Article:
In an eye-opening survey conducted several months ago by the Boston Consulting Group, a leading business think tank, three out of four top executives from 68 countries said they planned to increase research and development spending this year. Fewer than half of the 940 respondents, however, thought the increases would produce the necessary profit or competitive advantage to justify the expenditures.
Why such a disconnect? Perhaps it’s because they’re spending too much of their money on the wrong things: technology, rather than Twinkies.
My experience tells me that the rapidity with which an enterprise creates value is directly related to how well it stocks the company kitchen. The lower the nutritional value of the food choices, the greater the intellectual property produced.
I have spent time in a variety of industries: software, hardware, compression technology, storage technology, outsourced manufacturing and digital media. What they all have in common is this: They all run on junk food.
During my career, I have spent hundreds of all-night sessions alongside my entrepreneurial colleagues as we prepared for market launches, product launches, term sheets, due diligence reviews, tape outs, quarterly results, auditors and IPOs. I don’t remember ever ordering in anything nutritious when the heat was on.
When engineers, scientists and technologists have to stay up all night, they don’t reach for No-Doz they reach for Cheetos.
It’s always a sign of decline when a company slows down on junk food purchases. Many CEOs and CFOs deny the value of the kitchen. It is an easy expense to control or cut when money gets tight. It seems like no big deal. People can bring food in or buy their drinks from a vending machine. They will understand that investors don’t want the company “wasting” its limited resources buying snacks for the staff.
But the purpose of junk food is not just to give the team a little blood sugar bump at 3:00 pm. When you stop supplying fun food, morale and productivity decline.
As soon as your supply of Twizzlers and Diet Coke runs out, so do your people. They leave the office to go home or go out to eat. And when people leave, even for a short lunch break, you can lose the rhythm … the hum of execution … to say nothing of that esprit d’corps that comes with foraging for Pop Tarts at 2:00 am or the creativity that accompanies your third Red Bull and fourth bag of Nacho flavored Doritos in an hour.
I once worked for a start-up computing company that grew to $7 billion in annual revenue during my stint. In the early years we brought in doughnuts every morning. As time went on the doughnut bill got to be pretty outrageous. So we cut back to doughnuts only on Wednesday mornings. Funny thing, our product launches began to stretch out. We were not moving as fast as we once had.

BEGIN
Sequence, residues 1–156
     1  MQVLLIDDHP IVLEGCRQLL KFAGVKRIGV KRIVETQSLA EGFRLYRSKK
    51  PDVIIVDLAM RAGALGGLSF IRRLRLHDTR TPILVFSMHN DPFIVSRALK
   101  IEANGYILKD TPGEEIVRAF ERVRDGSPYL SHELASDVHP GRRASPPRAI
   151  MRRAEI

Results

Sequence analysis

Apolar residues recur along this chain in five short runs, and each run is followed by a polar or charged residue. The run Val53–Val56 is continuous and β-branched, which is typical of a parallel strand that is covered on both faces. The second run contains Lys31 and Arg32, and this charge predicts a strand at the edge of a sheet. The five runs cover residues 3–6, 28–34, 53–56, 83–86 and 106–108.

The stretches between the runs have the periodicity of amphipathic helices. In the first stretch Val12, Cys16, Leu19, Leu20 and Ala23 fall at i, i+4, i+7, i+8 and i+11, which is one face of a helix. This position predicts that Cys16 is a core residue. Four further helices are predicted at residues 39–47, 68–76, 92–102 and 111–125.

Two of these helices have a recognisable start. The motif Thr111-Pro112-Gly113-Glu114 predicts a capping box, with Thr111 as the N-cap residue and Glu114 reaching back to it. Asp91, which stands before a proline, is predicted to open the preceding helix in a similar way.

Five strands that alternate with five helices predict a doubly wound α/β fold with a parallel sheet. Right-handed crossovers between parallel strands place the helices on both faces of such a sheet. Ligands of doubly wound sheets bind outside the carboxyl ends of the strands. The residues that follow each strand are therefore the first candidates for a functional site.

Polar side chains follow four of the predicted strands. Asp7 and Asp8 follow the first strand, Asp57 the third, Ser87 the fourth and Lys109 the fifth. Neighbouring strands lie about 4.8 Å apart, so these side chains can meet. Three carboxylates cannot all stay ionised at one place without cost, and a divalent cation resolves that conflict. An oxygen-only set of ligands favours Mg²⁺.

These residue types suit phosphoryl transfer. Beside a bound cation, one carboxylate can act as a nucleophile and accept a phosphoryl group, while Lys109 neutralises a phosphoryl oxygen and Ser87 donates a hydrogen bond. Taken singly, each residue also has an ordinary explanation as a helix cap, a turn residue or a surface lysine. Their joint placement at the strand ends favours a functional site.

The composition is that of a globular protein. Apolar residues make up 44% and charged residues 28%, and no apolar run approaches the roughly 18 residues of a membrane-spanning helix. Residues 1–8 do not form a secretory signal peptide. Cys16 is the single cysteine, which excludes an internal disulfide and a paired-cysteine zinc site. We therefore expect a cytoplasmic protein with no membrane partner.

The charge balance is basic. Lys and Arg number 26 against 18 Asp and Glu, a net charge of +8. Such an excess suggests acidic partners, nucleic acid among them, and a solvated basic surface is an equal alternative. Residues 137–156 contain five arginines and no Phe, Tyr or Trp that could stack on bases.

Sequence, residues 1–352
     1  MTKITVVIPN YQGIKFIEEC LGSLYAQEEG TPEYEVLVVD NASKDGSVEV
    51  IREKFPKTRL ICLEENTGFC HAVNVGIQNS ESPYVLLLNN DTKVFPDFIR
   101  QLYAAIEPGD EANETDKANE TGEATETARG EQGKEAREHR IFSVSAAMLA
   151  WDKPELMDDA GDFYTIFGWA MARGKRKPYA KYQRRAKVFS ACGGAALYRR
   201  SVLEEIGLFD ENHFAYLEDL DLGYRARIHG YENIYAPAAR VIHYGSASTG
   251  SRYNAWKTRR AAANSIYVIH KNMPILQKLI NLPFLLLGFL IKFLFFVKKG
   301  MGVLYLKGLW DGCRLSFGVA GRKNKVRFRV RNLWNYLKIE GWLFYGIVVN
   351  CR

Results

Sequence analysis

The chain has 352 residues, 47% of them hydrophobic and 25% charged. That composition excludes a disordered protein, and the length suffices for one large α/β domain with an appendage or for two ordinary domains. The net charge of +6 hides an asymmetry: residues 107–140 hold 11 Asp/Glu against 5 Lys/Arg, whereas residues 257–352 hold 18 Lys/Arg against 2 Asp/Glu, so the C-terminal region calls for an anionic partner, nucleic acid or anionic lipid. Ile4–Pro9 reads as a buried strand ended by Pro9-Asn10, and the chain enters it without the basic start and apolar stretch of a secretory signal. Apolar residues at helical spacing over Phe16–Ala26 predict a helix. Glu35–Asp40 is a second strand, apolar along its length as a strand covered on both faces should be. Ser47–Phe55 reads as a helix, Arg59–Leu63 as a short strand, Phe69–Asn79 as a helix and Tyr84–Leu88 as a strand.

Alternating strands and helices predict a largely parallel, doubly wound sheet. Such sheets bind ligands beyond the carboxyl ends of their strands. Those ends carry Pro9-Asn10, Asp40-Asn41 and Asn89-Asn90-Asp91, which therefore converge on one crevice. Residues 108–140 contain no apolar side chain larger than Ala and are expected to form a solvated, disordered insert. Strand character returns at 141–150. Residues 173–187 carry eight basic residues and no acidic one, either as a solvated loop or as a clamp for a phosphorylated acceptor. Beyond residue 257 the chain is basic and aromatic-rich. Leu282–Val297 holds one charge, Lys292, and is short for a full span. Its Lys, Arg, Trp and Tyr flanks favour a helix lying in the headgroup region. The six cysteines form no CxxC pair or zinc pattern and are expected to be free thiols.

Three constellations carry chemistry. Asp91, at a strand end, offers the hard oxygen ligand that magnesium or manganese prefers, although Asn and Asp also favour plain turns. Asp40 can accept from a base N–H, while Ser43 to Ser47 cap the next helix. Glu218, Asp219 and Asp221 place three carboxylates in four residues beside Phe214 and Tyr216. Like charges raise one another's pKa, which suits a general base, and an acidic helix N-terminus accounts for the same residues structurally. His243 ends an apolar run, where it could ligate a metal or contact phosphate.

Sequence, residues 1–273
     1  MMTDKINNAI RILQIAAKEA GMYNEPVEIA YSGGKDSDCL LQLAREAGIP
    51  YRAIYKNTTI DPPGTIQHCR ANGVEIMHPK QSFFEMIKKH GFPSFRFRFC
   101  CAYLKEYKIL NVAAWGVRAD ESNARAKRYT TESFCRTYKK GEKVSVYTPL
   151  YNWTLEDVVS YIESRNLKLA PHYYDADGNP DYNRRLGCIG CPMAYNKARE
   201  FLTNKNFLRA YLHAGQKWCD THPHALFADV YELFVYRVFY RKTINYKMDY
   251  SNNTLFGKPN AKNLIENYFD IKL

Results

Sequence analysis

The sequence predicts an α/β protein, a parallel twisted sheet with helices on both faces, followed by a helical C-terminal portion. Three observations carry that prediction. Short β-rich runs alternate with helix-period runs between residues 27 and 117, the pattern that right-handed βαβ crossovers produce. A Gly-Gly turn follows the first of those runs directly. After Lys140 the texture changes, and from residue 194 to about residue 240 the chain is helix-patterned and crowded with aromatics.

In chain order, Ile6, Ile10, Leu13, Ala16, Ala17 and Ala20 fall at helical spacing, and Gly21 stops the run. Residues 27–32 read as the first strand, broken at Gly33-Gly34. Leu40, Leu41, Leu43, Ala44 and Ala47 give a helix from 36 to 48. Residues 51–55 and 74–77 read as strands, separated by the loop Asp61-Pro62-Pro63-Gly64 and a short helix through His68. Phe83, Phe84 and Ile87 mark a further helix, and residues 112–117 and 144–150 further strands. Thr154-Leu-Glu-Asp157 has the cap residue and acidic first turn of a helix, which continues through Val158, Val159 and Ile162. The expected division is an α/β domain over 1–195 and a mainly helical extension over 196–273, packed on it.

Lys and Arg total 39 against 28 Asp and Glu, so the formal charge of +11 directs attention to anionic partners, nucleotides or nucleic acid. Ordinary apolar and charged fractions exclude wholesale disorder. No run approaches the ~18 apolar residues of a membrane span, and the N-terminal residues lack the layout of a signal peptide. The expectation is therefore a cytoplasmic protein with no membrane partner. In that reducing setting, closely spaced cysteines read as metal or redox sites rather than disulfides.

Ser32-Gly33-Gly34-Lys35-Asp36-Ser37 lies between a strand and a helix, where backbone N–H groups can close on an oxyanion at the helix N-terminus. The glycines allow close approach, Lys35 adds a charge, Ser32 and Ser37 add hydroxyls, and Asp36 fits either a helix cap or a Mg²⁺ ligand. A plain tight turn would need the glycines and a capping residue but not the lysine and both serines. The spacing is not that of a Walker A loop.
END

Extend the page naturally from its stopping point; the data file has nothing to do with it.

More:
When I asked the vice president of engineering what had happened, he said, “You cut back the doughnuts! My guys used to get in here by 8:00 am every day to get their favorite doughnut before it was gone. Now they come in around 9:00. I have 600 engineers in this organization and I lost about 600 man hours per day because you stopped the doughnuts!”
Why should junk food have this effect? Can a doughnut really motivate folks to come to work earlier? Sure. It’s simple: People eat stuff at work they would never be caught dead buying and never allow themselves at home. It is compensation for long hours. And wholesome food really doesn’t cut it.
No one goes to the community kitchen to fix themselves a salad and then go back to work. People do not bond over broccoli spears and cottage cheese. When you go to the kitchen at work it’s to find something fat or fun or naughty and a colleague to share it with. Forget fresh fruit; it is the forbidden fruit that cranks up the volume among entrepreneurial enterprises.
Junk food in the kitchen is designed to keep your most important asset at work.
Do I really promote enticing employees to spend too many hours at work and eat junk food to boot? You bet. Junk food is the enabler of an unbalanced lifestyle and an unbalanced lifestyle is crucial to success, especially at start-up companies.
Maybe we can seek balance and nutrition after the company starts producing $500 million in annual revenues. Until then, pass the Pork Rinds and Beef Jerky (I’m on Atkins).